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Report: California tourism numbers top pre-pandemic levels, Bay Area numbers lag a bit behind

On Sunday, California Governor Gavin Newsom posted a video of himself standing atop San Francisco’s Golden Gate Bridge to highlight a new tourism report.

“So, I’m up here on the Golden Gate Bridge, a testament to America’s greatness, a testament to California’s greatness, the beauty, the magnificence of the San Francisco Bay,” Newsom said. “What a perfect place to announce our record-breaking tourism numbers.”

Newsom was celebrating the new numbers from Visit California’s “Economic Impact of Travel in California 2014-2023” report, which indicated that in 2023, travel spending in California reached an all-time high of $150.4 billion, a 5.6% increase from 2022.

The report also notes that California travel spending numbers have finally risen above pre-pandemic levels, with the 2023 spending level 3.8% than the 2019 spending level.

Graphic showing the history of travel spending in California. Graphic from Visit California Report: “Economic Impact of Travel in California 2014-2023.”

But San Franciso travel organizations acknowledge: many of these statewide gains have been driven by a surge of tourism spending in Southern California.

The report indicates that while travel spending is rising in both the Bay Area and in San Francisco County, neither has surpassed 2019 travel spending levels yet.

Graphic showing the history of travel spending in the San Francisco Bay Area. Graphic from Visit California Report: “Economic Impact of Travel in California 2014-2023.”

“While it is true that California is recovering and has had a wonderful, stellar year, that in Northern California, specifically in San Francisco, we still have some rebuilding to do for our visitor economy,” said Scott Beck, president and CEO of San Francisco Travel.

Beck noted that travel to San Francisco from Asia has not yet returned to the levels seen prior to the pandemic.

“We have a really, really high dependence on international travel from Asia in San Francisco, it’s a very big part and an important part of our visitor mix and that is still lagging,” Beck said.

Beck attributed this lag in travel to Asia to something called “lift,’ meaning the volume of air travel service into the region. In particular, Beck noted that flights between the U.S. and China were halted during the pandemic. Flights between the two countries have been increasing again, but the travel numbers are not as high as they were before the pandemic.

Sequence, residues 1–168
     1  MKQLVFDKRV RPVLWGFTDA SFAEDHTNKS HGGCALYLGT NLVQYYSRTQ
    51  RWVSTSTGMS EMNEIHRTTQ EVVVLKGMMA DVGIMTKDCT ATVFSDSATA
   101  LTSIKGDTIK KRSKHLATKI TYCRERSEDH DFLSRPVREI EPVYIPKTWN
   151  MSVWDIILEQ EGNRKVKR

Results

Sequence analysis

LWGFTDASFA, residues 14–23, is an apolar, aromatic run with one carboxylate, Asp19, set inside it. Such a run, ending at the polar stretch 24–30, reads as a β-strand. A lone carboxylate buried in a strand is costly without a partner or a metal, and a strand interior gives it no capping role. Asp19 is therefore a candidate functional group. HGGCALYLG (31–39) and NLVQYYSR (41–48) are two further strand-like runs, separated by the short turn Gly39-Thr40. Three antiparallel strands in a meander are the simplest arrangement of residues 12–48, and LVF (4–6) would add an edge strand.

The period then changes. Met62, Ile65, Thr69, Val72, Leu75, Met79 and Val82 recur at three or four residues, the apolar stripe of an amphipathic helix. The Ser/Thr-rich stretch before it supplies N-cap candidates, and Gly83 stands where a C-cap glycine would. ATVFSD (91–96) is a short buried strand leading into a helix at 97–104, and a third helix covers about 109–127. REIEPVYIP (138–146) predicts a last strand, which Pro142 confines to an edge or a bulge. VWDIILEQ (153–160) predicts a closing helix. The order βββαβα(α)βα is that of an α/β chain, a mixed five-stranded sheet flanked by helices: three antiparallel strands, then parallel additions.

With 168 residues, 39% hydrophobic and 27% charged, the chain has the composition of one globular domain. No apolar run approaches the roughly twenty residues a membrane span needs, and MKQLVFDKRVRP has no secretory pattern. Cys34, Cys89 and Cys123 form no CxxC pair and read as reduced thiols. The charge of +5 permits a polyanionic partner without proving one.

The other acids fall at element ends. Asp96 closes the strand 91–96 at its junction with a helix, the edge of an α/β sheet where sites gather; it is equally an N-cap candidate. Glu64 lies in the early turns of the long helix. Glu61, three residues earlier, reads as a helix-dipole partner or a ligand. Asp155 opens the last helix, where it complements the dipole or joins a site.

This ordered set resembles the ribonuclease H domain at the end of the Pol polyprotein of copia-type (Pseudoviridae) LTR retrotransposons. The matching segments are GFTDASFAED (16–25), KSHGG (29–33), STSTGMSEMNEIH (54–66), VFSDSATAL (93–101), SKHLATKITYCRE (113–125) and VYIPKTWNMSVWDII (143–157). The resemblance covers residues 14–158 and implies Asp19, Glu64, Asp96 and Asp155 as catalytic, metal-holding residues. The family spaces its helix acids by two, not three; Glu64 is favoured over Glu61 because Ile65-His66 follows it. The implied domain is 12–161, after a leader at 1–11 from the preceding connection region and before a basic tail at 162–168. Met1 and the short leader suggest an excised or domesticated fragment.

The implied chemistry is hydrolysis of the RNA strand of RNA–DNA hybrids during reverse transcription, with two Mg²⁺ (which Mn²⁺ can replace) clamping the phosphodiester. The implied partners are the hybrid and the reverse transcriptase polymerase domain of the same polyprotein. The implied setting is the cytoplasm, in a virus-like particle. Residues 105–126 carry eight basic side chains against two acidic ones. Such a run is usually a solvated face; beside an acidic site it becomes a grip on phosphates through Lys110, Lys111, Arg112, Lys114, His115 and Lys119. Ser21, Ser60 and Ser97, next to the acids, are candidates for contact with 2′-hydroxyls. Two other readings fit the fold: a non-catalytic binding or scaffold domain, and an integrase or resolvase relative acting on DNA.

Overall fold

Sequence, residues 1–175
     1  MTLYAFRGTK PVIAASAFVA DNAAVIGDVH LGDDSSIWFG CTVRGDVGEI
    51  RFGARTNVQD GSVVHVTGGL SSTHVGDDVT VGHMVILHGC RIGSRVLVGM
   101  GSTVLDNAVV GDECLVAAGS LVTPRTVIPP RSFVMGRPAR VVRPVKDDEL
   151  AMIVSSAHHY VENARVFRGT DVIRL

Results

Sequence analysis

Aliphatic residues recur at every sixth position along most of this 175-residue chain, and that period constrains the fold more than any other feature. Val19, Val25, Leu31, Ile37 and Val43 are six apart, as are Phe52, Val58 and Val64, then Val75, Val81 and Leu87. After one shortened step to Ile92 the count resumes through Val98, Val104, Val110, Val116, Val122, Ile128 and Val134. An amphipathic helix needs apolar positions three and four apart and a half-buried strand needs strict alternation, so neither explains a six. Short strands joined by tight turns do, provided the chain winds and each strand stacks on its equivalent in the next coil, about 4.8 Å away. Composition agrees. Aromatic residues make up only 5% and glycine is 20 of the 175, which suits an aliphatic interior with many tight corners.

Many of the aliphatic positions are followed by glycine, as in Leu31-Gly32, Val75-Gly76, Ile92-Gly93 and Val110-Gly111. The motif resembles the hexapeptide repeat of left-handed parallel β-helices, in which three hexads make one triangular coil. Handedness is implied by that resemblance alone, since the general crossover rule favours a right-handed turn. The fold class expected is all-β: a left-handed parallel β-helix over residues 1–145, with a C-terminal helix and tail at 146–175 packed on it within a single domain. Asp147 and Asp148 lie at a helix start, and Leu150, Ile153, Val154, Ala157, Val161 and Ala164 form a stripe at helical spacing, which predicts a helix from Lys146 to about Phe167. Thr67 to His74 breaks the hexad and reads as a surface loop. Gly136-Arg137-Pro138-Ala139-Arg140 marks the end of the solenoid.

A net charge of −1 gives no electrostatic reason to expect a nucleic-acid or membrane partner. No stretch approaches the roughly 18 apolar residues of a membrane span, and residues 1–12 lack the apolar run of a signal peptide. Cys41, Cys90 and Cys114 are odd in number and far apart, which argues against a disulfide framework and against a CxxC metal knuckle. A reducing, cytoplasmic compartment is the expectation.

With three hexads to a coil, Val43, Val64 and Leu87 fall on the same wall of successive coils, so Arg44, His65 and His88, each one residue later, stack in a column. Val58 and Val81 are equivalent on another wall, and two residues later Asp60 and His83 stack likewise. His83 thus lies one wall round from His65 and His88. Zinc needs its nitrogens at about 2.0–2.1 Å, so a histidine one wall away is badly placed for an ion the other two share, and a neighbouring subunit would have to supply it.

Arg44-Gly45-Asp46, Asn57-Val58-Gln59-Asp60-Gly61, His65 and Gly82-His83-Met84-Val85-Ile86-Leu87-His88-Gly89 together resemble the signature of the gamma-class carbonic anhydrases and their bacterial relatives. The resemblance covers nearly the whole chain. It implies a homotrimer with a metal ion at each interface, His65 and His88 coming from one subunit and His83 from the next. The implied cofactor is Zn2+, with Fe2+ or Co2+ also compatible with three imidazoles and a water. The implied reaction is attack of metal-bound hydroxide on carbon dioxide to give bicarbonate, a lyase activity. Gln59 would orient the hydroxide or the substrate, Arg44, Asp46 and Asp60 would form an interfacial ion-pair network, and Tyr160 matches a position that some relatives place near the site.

Beck said there will be another easing of flight restrictions in June and that he expects flights between China and San Francisco to increase in the coming years.

Scott Gentner, CEO of Pier 39, explained that the breakdown of tourists visiting the city shifted during the pandemic and in the years following. Prior to COVID, Gentner said that Pier 39 got about a third of its visitors from California, a third from around the U.S., and a third from outside the country. During the start of the pandemic, international travel went away, Gentner explained.

As COVID restrictions eased in 2022 and 2023, Gentner said Pier 39 saw a resurgence of domestic visitors which has since plateaued. Last year, Gentner said the Pier began seeing more visitors from Europe and this year more visitors from Asia have been traveling in.

“There are definitely tourists here, there are definitely tourists spending,” Gentner said, adding the caveat that where the tourists are spending their dollars around the city can vary.

At Pier 39, which is seeing a boost in interest recently thanks to a surge in sea lion population, sales have been doing well, with 2023 sales on par with 2019 sales, according to Gentner.

“We have a record number of sea lions, it’s something we didn’t know was coming and it’s certainly bringing a more local crowd to Pier 39 and rediscovering some of the great things we have to offer,” Gentner said.

At nearby Fisherman’s Wharf, the executive director of the Fisherman’s Wharf Community Benefit District, Randall Scott, said that the pedestrian count there is down 18-20 percent from pre-pandemic levels.

“We’re on the way to making it back to where we were,” Scott said, noting that hotel rates and occupancy rates are still down compared to 2019 in the area.

“We’re doing OK, compared to the rest of the city — I would argue that our numbers are very good — but compared to the rest of California, we’re still significantly down from where they were in 2019,” Scott continued.

To help close the gap, Scott would like to see investment at the state and federal levels to help showcase the area and promote the message that San Francisco is a safe and exciting place to travel to.

Scott had one message in particular for California’s governor:

“Governor Newsom: thank you, thank you, thank you for bringing tourism back to California. Southern California posted those numbers, please bring back and help us bring back the tourist industry to San Francisco,” he said.


Source: NBC Bay Area

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